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I don't understand why some functions that contain a singularity in the domain of integration are integrable but others are not.

For example, consider $f(x) = -\log(x)$ and $g(x) = \frac{1}{x}$ on the interval $[0, 1]$. These functions look very similar when they are plotted but only $f(x)$ can be integrated.

  1. What is the precise mathematical reason(s) that makes some functions with singularities integrable while others are not?
  2. Are $\log$ functions the only functions with singularities that can be integrated or are there other types of functions with singularities that can be integrated?
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    $\begingroup$ How about $1/x^p$, $0<p<1$? $\endgroup$ – user175968 Jan 2 '17 at 11:46
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    $\begingroup$ The integral in $[0,1]$ is the same that the integral in $(0,1)$. The reason is not the singularity, the reason is the divergence or convergence of the integral. $\endgroup$ – Masacroso Jan 2 '17 at 11:57
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It's just whether or not the area under the curve is finite or not. It's doesn't matter that there is an asymptote.

You might consider the area under the curves $y=e^{-x}$ and $y=1/x$ for $x>0$. These are really the same two curves you mention, just along the other axis.

It's akin to the idea that an infinite series may or may not converge; just because there are infinitely many terms in a series doesn't mean the series must diverge.

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  • $\begingroup$ I don't see how these are the "same two curves"..one of them, $y=e^{-x}$, has a precise value at $x=0$ and so it can be integrated on interval $[0, \infty)$, whereas $y=1/x$ gets arbitrarily large near zero and can't be integrated on that interval so the area under this curve is undefined. I don't understand what point you are making in your post? $\endgroup$ – ManUtdBloke Jan 6 '17 at 22:00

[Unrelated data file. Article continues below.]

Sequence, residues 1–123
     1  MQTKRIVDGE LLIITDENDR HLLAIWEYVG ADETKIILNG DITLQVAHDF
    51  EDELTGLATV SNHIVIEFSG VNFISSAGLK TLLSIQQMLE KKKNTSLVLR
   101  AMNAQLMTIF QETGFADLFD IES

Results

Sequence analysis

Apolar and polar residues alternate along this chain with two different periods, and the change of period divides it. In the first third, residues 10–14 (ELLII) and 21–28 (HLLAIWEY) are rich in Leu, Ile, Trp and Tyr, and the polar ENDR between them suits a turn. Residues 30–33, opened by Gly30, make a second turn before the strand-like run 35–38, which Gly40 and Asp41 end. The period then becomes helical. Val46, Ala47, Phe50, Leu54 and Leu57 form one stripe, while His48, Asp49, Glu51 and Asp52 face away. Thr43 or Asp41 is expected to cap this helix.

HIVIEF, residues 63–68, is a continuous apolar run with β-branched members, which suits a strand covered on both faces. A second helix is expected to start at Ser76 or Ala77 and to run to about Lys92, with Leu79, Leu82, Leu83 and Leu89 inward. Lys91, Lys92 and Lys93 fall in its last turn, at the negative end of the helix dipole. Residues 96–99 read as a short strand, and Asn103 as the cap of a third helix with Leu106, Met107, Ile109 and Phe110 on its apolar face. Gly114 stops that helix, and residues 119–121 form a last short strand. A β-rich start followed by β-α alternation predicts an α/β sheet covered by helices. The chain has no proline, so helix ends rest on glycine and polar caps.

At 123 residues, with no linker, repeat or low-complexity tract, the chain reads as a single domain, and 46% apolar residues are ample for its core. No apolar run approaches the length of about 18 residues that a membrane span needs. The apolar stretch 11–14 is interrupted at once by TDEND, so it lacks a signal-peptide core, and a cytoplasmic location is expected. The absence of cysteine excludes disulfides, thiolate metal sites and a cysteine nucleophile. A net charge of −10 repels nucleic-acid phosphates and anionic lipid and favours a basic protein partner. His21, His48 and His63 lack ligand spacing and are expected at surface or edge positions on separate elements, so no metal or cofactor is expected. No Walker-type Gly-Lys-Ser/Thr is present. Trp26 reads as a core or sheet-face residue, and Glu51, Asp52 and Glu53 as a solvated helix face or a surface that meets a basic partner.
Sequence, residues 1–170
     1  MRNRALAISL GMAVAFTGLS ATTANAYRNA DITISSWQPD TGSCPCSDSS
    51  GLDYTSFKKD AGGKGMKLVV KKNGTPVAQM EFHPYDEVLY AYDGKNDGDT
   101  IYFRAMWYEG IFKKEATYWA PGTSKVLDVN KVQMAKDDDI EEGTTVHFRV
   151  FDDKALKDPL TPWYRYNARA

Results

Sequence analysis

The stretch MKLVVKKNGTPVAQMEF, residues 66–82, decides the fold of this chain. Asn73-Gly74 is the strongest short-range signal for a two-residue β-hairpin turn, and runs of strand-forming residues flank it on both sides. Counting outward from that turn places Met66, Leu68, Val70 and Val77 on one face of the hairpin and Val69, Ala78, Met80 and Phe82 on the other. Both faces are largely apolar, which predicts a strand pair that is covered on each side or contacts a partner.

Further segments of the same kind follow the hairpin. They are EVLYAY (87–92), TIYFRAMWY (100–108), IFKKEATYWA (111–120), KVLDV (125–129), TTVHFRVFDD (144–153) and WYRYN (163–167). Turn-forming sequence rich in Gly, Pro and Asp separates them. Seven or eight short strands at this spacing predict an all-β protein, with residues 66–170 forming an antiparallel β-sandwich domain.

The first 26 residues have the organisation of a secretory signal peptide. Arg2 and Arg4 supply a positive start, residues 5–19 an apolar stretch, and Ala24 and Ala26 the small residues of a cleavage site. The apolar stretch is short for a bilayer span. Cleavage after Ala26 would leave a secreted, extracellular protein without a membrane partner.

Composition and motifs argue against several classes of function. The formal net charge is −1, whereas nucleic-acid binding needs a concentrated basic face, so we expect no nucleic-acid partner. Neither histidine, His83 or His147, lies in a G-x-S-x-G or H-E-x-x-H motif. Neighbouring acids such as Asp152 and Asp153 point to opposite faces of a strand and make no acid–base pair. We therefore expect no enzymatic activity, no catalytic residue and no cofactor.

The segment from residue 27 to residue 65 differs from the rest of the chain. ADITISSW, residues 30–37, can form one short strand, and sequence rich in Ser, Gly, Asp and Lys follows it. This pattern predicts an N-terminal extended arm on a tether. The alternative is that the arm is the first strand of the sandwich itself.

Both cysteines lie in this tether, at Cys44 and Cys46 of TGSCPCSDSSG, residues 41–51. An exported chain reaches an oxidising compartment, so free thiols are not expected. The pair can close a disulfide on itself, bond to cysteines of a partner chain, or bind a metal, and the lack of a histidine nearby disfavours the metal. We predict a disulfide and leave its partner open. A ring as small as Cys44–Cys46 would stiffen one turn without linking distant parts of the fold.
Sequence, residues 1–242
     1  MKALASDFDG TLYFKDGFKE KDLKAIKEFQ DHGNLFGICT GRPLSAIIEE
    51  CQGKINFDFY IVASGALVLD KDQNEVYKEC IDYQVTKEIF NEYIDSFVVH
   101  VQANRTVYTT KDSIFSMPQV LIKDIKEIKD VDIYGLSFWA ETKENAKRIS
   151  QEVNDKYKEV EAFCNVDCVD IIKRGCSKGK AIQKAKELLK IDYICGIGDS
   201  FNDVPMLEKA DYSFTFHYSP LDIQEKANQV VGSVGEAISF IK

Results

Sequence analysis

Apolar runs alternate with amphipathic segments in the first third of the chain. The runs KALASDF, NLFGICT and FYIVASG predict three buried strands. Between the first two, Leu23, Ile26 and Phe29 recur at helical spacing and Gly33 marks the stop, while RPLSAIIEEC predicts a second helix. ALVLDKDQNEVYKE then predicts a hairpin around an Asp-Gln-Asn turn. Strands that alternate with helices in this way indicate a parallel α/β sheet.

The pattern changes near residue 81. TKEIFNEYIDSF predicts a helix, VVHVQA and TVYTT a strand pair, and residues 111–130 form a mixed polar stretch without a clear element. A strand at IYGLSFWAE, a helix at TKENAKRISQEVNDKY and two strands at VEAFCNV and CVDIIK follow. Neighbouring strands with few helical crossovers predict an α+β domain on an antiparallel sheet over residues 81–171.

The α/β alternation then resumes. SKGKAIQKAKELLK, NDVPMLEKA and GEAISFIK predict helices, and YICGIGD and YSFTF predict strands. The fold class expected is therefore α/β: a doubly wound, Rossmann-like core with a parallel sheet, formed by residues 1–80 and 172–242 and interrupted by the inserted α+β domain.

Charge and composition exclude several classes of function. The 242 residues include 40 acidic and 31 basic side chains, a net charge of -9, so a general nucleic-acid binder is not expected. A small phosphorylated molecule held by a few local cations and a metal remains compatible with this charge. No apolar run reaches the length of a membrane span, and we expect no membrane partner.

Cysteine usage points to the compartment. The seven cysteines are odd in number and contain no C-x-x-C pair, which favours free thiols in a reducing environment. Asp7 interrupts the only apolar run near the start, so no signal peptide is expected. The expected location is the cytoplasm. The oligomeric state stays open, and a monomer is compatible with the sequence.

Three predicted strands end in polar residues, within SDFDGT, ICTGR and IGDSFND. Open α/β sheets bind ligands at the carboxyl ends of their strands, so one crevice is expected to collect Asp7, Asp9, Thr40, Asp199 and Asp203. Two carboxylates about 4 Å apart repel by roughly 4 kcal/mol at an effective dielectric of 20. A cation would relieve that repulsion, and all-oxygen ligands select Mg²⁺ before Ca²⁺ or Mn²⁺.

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    $\begingroup$ @eurocoder : You misunderstand--I mean the two curves I mention are essentially the same two curves you ask about, just along the other axis. I added this to my answer to clarify. $\endgroup$ – MPW Jan 7 '17 at 4:56
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    $\begingroup$ They're note essentially the same for the purposes of integration, $\log x$ is not integrable on $(0,\infty)$ but $e^{-x}$ is. Perhaps you mean something else, but it's not clear from your wording what notion of "same" you are using and why it's relevant to the question at-hand. $\endgroup$ – Adam Hughes Jan 8 '17 at 9:26
  • $\begingroup$ @AdamHughes : Of course, I'm talking about finding the area between the alternate curves and the other axis, as I already said. They are exactly the same thing. $\endgroup$ – MPW Jan 25 '17 at 14:16
  • $\begingroup$ @MPW maybe as curves I different coordinate systems, but integration users a consistent orientation, so this doesn't amount to much mathematically to say they're the same in an integration context if they're not even being considered on the same ground for integration's necessary context. $\endgroup$ – Adam Hughes Jan 25 '17 at 14:20
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Think about it this way - what's the inverse?

$$y = \frac{1}{x}; x = \frac{1}{y}$$ $$y = -\log x; x = e^{-y}$$

Looking at it this way, it's clear that as $y$ shoots off to infinity, $x$ approaches zero much faster in one case than in the other.